Three lessons for the West to learn from the Hong Kong revolt
This column was previously published in L’Opinion on 31st december 2019
It would seem that revolutionary fervor has come to an end: Hong Kong is preparing to abandon its hopes of political freedom thirty years before time, so as to conserve its economic freedom. This compromise is unacceptable to Western eyes, whereas Asians regard it as pragmatic since they believe that the economic model to be followed is that of Lee Kuan Yew’s Singapore rather than that of Western democracies. With the benefit of hindsight, three main lessons emerge that our Western governments can learn from.
Firstly, the true origin of the revolt was far more economic than political. However, whereas the revolts of Versailles, Tian’anmen and the Arab Spring were all triggered by rising food costs, Hong Kong was the first victim of a new phenomenon: hyper-inflation in real estate — collateral damage resulting from the monetary easing of the previous decade, which essentially deprived young people of their housing entitlement.
It is up to governments to combat hyper-inflation in real estate in an era of zero interest rates, by means of an aggressive policy with regard to social housing and by a fundamental overhaul of urban mobility
Secondly, the Hong Kong government was surprisingly divorced from social reality. Carrie Lam’s administration massively underestimated the local population’s rejection of the Mainland, which was seen as directly responsible for the real estate crisis. This was as much due to the way in which a cartel of a dozen or so tycoons were restricting supply as to the growth in demand arising from the influx of a million mainland Chinese since 1997, bringing the total population to 7 million. Thus an economic problem was driven to a political revolt which boiled over.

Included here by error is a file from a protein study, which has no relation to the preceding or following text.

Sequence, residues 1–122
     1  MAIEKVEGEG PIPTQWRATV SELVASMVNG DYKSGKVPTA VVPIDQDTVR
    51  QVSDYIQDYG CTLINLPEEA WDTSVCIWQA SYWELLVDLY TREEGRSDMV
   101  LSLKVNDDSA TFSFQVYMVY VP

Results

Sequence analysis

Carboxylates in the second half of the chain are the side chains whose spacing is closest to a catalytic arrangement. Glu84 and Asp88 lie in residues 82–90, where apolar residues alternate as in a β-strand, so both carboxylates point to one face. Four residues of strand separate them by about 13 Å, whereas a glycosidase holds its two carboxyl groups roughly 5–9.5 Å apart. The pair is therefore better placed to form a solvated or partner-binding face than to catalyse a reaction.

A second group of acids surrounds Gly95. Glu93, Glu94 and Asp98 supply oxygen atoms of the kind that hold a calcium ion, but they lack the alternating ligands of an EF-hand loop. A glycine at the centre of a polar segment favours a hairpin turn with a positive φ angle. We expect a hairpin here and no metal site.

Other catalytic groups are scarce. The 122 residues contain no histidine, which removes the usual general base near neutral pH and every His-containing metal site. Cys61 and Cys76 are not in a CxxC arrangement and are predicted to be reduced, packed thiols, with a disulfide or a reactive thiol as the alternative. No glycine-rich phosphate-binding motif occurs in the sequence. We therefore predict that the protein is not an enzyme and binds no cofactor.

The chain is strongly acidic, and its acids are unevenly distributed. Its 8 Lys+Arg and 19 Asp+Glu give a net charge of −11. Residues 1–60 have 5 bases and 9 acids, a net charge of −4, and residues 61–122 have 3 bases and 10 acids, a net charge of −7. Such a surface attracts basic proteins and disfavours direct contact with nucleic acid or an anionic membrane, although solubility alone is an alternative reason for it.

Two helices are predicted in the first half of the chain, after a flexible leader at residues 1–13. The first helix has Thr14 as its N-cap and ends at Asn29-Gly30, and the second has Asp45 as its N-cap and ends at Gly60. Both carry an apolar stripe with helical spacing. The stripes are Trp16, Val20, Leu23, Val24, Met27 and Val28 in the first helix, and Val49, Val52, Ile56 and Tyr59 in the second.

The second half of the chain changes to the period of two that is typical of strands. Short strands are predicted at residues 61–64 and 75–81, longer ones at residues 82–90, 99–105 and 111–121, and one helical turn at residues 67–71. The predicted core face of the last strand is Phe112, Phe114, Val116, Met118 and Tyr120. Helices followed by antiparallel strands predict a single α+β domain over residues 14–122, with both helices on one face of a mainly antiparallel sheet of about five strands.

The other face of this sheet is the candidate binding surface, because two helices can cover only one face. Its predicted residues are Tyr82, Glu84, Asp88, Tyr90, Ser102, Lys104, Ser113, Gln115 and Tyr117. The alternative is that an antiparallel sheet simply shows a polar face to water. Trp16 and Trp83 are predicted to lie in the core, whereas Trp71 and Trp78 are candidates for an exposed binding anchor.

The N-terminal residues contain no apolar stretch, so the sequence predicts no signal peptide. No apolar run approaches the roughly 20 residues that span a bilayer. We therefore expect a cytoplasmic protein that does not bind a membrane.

Hong Kong, August 3, 2019: Residents of Hong Kong protest the proposed extradition law with China. (omonphotography, shutterstock.com)
The third and final lesson comes from the surprising absence of leadership among the protesters, which can also be attributed to the technological revolution. Although social media certainly have the advantage of being able to mobilize a whole population within a few days, they cannot however produce a Che Guevara or a Fidel Castro, which means that any popular movement is doomed to failure over the long term… much to the gratification of Beijing.
In the future, in order to avoid more defeats for democracy when up against the rise of strong powers, our civilizations need to do three things. Firstly, it is up to governments to combat hyper-inflation in real estate in an era of zero interest rates, by means of an aggressive policy with regard to social housing and by a fundamental overhaul of urban mobility. Secondly, it is up to private companies to take on the new social responsibilities that fall to them, all the more so when human talent and financial resources have definitively deserted the public sphere to join the private sector. Thirdly, it is up to every one of us to bear in mind that, as we enter a decade that will witness the artificial intelligence revolution, the incredible leverage that digital power can exert will never transform our societies if it is not headed up by visionary human leadership.